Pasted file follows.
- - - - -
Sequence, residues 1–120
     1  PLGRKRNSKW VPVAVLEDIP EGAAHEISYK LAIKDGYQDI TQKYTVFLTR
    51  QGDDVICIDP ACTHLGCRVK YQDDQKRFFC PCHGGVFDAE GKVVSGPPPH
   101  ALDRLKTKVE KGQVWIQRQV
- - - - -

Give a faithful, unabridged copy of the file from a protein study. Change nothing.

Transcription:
Sequence, residues 1–120
     1  PLGRKRNSKW VPVAVLEDIP EGAAHEISYK LAIKDGYQDI TQKYTVFLTR
    51  QGDDVICIDP ACTHLGCRVK YQDDQKRFFC PCHGGVFDAE GKVVSGPPPH
   101  ALDRLKTKVE KGQVWIQRQV